The "Carousel" of Life


Wendy Speigner

In 1973, my Mom was diagnosed with complete renal failure. She had both of her kidneys removed and was put on dialysis 3 days a week, come rain or shine. I was about six years old, then. She has had four transplants, but all eventually rejected within a short period of time Although she remained on dialysis, and was usually in a lot of pain, she always found time for our family…ways to make things special, up until the very end. To me, she is the most amazing woman I know, and I hope if ever confronted with such a situation, that I could face it with as much fire and determination as she has done. She finally gave up the battle at the end of March, 1999, after 26 years of fighting.

She dearly enjoyed carousels and carousel horses, so I wrote the following for her. It is also for my Dad, who is still alive and well, for his courage and strength in staying by my mom throughout her illness, and never leaving her side. I will always love you both very much.

The Carousel of Life As very small children we were ushered into the line at the Carousel, assured that it will be an experience to remember. That… it will be... an experience of emotions.

We felt anticipation and excitement while waiting in line... just to see the gate close right behind the child in front of us. Then, we realized what it really meant was that we would be first in line to choose any horse we wanted, on the following ride.

Standing there, we seemed so small in proportion to the carousel's massive size, but we felt like kings and queens ready to take on any battle, once we saddled up on our "hand-chosen" stallions.

At first, we had reservations about climbing onto the horses that traveled up to the skies and back down again, and opted for the more stable prancers which kept their feet on the ground and kept us within our boundary of safety.

As we grew older, we realized that the most fulfilling ride on the carousel was actually upon the horses which moved up and down, for it added so much excitement and drama to the ride. How true this was....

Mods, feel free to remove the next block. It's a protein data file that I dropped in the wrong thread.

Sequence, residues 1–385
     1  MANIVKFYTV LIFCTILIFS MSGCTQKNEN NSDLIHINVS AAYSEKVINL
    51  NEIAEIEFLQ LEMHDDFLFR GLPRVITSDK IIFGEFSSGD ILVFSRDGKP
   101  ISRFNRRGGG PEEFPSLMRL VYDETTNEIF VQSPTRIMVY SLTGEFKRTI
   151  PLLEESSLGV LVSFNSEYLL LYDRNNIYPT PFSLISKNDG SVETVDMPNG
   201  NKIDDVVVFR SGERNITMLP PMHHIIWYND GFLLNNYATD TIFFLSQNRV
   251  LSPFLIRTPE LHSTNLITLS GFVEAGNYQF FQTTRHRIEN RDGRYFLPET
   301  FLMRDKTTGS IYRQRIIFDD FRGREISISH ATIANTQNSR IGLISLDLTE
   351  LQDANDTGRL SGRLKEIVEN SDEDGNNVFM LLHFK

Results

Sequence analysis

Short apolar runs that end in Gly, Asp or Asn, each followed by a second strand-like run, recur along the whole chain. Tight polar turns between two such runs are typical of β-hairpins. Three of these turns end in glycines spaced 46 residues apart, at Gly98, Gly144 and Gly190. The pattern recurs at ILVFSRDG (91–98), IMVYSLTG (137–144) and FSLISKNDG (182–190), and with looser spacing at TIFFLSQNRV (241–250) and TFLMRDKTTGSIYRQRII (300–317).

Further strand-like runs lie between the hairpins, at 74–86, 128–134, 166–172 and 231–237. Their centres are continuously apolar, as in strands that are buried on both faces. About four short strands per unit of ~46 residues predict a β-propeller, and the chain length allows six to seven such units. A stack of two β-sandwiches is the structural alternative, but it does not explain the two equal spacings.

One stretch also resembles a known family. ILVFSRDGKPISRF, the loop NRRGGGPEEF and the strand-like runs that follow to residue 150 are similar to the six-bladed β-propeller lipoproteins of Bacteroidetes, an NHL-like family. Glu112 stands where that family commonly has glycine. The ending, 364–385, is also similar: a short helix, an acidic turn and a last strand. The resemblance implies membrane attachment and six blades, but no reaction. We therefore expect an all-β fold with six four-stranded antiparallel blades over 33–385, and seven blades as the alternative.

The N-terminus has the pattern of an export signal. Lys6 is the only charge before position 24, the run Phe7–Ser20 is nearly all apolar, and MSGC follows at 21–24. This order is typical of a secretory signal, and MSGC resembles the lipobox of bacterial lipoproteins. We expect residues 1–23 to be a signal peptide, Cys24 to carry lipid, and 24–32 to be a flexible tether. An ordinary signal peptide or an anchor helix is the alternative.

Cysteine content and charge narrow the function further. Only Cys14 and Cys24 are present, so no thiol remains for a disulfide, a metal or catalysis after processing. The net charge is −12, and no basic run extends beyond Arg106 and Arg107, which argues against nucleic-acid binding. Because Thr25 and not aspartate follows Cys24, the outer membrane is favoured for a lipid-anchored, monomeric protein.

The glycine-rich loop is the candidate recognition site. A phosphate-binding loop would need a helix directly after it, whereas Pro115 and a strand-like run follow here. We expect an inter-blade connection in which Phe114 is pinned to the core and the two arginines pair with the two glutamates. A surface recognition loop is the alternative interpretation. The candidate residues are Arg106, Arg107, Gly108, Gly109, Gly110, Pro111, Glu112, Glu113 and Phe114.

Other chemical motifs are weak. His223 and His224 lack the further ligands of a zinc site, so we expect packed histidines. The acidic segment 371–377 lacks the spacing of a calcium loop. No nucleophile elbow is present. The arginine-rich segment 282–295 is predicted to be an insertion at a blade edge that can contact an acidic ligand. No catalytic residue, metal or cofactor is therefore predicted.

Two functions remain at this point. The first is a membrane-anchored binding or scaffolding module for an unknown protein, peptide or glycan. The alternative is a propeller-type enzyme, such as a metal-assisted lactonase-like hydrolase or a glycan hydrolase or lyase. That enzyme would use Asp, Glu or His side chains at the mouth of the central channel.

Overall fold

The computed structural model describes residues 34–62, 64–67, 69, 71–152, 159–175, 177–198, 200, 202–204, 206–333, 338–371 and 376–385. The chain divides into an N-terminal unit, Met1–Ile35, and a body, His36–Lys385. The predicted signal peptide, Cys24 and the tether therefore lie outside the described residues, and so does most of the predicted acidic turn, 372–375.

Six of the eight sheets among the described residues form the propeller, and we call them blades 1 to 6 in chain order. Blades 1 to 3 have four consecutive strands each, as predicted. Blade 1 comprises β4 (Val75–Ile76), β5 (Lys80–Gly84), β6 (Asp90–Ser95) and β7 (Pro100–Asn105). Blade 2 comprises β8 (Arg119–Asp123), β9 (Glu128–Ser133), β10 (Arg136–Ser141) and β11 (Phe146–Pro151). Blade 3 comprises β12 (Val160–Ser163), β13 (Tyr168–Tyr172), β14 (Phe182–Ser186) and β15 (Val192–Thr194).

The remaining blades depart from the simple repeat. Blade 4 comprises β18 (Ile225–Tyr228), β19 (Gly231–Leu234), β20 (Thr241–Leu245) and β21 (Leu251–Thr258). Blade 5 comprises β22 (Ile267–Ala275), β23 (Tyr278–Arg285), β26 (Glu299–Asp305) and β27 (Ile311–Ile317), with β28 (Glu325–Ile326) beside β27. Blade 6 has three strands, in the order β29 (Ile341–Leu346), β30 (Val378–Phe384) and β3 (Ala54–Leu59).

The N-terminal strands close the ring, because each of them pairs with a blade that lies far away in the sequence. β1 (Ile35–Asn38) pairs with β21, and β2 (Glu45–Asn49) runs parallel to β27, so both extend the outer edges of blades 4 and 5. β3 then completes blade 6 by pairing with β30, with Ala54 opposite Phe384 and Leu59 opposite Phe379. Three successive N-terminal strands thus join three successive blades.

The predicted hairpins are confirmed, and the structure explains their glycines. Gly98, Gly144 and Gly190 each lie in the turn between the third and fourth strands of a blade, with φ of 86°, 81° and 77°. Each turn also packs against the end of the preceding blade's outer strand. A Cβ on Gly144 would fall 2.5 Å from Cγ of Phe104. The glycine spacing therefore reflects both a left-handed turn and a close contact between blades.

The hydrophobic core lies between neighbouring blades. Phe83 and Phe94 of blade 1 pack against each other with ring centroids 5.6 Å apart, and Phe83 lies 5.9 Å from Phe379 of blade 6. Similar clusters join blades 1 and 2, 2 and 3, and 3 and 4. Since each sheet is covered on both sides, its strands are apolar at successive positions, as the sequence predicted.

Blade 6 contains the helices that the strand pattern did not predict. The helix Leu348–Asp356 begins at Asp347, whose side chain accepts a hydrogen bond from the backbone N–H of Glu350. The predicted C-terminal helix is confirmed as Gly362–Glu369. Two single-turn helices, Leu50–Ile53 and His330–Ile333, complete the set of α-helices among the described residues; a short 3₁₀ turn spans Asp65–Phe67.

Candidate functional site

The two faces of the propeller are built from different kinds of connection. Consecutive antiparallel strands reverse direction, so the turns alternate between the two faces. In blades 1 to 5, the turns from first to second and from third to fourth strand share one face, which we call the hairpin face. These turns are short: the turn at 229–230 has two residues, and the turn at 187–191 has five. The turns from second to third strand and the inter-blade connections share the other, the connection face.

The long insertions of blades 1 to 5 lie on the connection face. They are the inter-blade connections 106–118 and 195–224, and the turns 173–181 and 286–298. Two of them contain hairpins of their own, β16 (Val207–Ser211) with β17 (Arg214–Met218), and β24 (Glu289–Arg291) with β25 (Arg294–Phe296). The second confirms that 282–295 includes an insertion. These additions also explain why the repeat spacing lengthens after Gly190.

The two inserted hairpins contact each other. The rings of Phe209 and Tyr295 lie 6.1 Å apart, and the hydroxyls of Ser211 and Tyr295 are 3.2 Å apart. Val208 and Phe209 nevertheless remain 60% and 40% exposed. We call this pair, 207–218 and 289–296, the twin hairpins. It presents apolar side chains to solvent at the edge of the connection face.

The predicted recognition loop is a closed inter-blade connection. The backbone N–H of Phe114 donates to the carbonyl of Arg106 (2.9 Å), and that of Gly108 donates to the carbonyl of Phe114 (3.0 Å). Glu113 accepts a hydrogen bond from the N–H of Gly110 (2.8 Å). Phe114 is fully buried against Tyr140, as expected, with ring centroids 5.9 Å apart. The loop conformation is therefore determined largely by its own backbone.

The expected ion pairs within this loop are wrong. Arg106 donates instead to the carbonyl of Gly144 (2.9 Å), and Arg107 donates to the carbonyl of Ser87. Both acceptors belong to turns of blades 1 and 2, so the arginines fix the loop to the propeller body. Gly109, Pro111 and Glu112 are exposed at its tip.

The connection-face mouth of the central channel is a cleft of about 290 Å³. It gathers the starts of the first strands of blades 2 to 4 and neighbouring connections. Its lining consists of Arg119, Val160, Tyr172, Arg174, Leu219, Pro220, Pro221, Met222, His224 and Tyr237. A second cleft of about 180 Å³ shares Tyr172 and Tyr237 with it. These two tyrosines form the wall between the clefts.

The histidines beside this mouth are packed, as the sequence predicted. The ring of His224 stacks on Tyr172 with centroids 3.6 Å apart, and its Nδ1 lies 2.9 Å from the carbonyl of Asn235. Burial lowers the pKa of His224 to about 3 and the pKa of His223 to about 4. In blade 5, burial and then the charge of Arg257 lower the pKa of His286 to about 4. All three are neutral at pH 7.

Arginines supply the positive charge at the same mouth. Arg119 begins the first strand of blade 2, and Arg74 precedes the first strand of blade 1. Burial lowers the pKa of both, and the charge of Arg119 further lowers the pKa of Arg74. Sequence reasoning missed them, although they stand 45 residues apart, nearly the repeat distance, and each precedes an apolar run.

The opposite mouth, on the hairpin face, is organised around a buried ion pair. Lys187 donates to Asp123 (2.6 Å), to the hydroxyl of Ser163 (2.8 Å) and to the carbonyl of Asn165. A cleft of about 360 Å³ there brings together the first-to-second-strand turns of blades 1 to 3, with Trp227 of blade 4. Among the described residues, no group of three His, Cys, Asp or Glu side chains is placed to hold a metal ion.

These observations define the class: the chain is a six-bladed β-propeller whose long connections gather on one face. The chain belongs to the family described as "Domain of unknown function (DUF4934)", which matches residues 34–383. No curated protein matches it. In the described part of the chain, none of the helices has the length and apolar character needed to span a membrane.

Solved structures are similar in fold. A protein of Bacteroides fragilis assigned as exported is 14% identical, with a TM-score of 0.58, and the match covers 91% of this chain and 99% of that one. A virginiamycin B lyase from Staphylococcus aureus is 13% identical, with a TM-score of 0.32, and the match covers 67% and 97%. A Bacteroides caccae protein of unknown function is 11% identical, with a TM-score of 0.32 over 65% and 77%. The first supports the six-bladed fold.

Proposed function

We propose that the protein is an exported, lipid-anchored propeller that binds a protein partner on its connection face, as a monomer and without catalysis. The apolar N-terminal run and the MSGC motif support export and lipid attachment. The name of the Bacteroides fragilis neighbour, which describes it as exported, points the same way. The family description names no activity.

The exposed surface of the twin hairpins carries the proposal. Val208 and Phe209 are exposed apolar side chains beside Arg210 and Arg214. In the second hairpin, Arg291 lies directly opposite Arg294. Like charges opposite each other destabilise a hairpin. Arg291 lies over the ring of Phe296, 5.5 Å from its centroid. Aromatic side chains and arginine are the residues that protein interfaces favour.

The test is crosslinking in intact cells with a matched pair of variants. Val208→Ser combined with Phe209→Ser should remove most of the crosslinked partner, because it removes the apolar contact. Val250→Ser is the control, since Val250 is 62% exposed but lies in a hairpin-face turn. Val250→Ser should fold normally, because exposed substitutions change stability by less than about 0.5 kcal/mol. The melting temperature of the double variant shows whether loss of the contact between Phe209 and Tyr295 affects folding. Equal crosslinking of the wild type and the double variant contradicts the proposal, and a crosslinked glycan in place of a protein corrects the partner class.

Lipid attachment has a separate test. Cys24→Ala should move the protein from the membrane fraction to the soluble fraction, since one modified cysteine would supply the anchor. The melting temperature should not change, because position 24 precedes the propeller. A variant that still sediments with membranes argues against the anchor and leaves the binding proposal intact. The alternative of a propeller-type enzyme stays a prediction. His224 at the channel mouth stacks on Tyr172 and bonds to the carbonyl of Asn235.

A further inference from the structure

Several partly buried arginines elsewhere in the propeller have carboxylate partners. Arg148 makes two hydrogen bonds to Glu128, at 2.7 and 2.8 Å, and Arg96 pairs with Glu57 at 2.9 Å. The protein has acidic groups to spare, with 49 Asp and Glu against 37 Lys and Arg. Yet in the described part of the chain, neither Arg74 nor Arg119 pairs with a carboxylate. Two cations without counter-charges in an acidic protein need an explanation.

We'd go 'round and 'round on the carousel, waving at the people we knew, parting from them for just a few short moments until we would see their smiling faces once again.

We never knew exactly how many times we would get to go around on this magical ride, for each ride was different. We did know from the beginning, that at some point, our journey would come to an end.

When our time came to disembark, after what seemed to be the shortest of time, we did so with a tinge of bittersweet sadness, for we were leaving behind such an array of people, feelings and memories... but we were also headed to other exciting rides and places.

While we were on the Carousel, we took part in many emotions... fear, anticipation, excitement, joy and sadness. And although there were a few moments that we might have considered to be less than delightful, the ride in itself was a wonderful experience that will forever remain in our hearts. Even when we are unable to hear the enchanting melody of the Carousel, any longer.

Dedicated to Donna Welty, my Mother and friend.

Wendy Speigner



You can send email to Wendy at: Wendi2300@aol.com
mail welcome


anniversary date March 1999
date of post 3-27-99

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Crisis, Grief, and Healing: Tom Golden LCSW